Ancient Monuments

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Round, courtyard house, stone hut circle settlement and field system 275m north of Castallack Carn

A Scheduled Monument in Paul, Cornwall

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Latitude: 50.0741 / 50°4'26"N

Longitude: -5.5687 / 5°34'7"W

OS Eastings: 144754.432755

OS Northings: 25431.343472

OS Grid: SW447254

Mapcode National: GBR DXMH.425

Mapcode Global: VH05P.FDFK

Entry Name: Round, courtyard house, stone hut circle settlement and field system 275m north of Castallack Carn

Scheduled Date: 29 September 1972

Source: Historic England

Source ID: 1004654

English Heritage Legacy ID: CO 807

County: Cornwall

Civil Parish: Paul

Traditional County: Cornwall

Lieutenancy Area (Ceremonial County): Cornwall

Church of England Parish: Paul

Church of England Diocese: Truro


The monument includes a round, a courtyard house, a stone hut circle settlement and a field system situated close to the summit of a coastal ridge, overlooking the Lamorna Valley. The round, known locally as 'Castallack Round or Roundago', survives as a roughly oval enclosure defined by a partial rampart of large stones and slabs measuring on average 1.6m high and 1.8m wide. It is partially incorporated into field boundaries and defined in part by a scarp of up to 0.3m high. The surrounding ditch is preserved as a buried feature. The round was first depicted on the 1840 Tithe Map when it still had a massive stone outer wall with an entrance to the south and a colonnade of stones which led to an inner circular enclosure. When described by Blight in 1865, the inner enclosure could hardly be traced and the avenue had been removed. However, the ramparts were still massively constructed and Blight found a broken quern, pivot stone and spherical boulder amidst the ruins of the inner structure. By 1906 the Victoria County History described the round as 'nearly destroyed', but Henderson found segments of the wall within the field boundaries in 1914-17. The courtyard house lies to the north west of the round and survives as a series of very thick stone-built walls of up to 0.9m high, incorporating at least one curved recess and a door jamb, defining a circular internal structure of 7.5m in diameter. Up to three further stone hut circles have also been identified .The field system to the north west of the round survives as an extensive area of small irregularly-shaped plots defined by walls, scarps or lynchet,s some up to 1.1m high and 3m wide. In many places large orthostats are visible apparently forming demarcating lines and at least one boundary wall is composed of small stones.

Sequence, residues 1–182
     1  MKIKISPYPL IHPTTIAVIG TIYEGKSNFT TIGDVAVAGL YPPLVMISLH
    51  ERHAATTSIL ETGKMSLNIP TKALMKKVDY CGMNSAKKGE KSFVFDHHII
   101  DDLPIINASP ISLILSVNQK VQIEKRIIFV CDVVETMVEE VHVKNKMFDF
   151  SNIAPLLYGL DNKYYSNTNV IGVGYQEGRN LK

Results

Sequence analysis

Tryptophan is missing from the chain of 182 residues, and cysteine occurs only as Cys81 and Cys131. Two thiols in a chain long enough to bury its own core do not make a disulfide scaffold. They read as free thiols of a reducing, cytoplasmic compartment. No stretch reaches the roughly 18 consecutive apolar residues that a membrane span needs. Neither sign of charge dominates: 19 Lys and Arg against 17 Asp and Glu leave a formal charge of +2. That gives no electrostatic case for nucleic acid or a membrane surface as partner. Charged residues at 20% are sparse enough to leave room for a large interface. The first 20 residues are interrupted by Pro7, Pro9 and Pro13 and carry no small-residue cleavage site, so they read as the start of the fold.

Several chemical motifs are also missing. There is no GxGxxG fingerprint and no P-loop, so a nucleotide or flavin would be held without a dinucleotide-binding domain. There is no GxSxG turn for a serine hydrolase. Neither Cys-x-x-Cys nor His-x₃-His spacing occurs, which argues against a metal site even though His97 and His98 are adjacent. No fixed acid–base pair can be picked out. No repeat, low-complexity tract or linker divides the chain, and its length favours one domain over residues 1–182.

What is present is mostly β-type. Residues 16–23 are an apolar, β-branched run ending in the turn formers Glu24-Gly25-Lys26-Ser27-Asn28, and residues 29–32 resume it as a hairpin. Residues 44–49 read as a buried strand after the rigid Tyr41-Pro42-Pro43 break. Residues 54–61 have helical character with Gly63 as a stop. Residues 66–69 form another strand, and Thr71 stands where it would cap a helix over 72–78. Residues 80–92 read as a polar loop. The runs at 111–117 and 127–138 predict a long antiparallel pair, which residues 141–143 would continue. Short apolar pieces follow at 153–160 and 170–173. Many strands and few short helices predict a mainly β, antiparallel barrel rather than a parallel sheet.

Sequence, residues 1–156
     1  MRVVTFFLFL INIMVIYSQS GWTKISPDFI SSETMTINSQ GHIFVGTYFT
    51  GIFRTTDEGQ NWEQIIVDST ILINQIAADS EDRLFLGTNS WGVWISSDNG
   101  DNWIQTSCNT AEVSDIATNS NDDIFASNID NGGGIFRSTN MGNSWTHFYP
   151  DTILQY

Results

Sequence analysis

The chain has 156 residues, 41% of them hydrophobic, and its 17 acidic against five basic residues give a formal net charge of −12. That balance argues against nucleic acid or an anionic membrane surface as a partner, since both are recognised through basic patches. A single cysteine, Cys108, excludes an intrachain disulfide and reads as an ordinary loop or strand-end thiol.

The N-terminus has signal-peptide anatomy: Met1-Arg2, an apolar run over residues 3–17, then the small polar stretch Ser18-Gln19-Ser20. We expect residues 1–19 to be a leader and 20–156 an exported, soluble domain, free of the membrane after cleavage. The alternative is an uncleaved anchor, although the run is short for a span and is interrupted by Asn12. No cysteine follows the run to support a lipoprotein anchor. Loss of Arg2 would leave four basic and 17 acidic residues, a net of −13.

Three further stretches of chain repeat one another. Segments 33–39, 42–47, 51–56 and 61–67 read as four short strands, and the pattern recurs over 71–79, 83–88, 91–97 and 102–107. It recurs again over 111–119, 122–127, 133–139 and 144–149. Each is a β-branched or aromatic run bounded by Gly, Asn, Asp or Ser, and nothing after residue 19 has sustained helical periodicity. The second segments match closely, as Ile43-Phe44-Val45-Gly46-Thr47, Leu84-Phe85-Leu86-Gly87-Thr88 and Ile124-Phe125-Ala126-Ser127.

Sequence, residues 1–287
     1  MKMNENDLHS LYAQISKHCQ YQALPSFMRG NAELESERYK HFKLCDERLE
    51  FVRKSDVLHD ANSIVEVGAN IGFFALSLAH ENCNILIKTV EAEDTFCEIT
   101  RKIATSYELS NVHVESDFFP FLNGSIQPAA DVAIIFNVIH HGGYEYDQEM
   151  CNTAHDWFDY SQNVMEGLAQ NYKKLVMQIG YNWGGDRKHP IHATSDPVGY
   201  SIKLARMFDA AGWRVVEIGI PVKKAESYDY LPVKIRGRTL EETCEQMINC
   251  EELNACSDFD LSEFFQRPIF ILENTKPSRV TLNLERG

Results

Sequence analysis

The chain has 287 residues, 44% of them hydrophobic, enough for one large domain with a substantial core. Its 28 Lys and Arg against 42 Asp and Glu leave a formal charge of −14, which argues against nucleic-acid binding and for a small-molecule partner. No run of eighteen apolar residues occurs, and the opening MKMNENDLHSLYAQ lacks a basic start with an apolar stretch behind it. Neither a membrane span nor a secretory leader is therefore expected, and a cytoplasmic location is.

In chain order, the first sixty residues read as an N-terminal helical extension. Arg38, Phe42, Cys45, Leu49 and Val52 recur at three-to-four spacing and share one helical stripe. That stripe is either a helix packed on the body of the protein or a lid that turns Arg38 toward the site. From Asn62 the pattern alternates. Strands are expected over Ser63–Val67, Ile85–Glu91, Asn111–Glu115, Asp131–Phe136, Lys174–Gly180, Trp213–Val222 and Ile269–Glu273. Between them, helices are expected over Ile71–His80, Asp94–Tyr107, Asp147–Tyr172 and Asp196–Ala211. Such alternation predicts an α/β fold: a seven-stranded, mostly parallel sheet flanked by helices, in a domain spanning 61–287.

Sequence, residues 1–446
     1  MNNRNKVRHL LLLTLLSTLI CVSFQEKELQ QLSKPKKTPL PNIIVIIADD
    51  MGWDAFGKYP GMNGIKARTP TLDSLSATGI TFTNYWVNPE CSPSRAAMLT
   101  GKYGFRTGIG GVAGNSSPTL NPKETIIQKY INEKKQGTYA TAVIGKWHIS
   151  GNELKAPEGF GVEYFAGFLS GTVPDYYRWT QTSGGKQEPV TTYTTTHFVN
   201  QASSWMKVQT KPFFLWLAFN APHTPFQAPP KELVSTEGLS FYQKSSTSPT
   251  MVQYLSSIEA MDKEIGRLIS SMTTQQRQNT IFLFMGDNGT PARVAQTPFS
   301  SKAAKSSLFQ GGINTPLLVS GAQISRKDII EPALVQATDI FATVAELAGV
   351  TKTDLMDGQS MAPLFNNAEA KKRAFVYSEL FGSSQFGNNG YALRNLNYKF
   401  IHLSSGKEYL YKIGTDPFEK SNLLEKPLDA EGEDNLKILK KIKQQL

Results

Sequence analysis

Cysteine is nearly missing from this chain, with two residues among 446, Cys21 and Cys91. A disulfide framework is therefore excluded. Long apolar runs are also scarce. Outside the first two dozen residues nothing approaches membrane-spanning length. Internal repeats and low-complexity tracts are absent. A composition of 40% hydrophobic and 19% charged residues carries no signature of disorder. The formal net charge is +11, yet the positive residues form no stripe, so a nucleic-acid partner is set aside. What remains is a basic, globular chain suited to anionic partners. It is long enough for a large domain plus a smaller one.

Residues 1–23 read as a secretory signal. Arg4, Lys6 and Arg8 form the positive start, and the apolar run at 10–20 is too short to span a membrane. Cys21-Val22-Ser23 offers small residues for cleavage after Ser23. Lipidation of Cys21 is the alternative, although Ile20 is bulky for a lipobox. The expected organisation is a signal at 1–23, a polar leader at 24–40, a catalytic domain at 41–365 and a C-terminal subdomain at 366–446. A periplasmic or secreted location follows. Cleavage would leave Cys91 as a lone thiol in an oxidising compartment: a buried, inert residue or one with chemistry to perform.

Sources: HER:-
PastScape Monument No:-422633, 1342737 and 1342740

Source: Historic England

Reasons for Scheduling

Rounds are small embanked enclosures, one of a range of settlement types dating to between the later Iron Age and the early post-Roman period. Usually circular or oval, they have a single earth and rubble bank and an outer ditch, with one entrance breaking the circuit. Rounds are viewed primarily as agricultural settlements, the equivalents of farming hamlets. Over 750 rounds are recorded in the British Isles, occurring in areas bordering the Irish Seas, but confined in England to south west Devon and especially Cornwall. Rounds are important as one of the major sources of information on settlement and social organisation of the Iron Age and Roman periods in south west England. The courtyard house is a building form developed in south west England in the Roman period during the second to fourth centuries AD. It was usually oval or curvilinear in shape, taking the form of a thick coursed rubble wall containing rooms and some storage chambers. A central area - the courtyard - was enclosed by this wall and the rooms and the main entrance opened into it. The courtyard is generally considered to have remained unroofed. The national distribution includes over 110 recorded courtyard houses, mostly on the Penwith peninsula at the western tip of Cornwall, with a single example on the Isles of Scilly. Courtyard houses are unique within the range of Romano- British settlement types, showing a highly localised adaptation to the windswept conditions of the far south west of England. Despite some cultivation, the round, courtyard house, stone hut circle settlement and field system 275m north of Castallack Carn survive well and will contain archaeological and environmental evidence relating to their construction, function, development, relative chronologies, agricultural practices, trade, domestic arrangements, social organisation, the relationships between the different monument classes and their overall landscape context. Together they form an important juxtaposition which reflects changing agricultural, social and domestic settlements through time.

Source: Historic England

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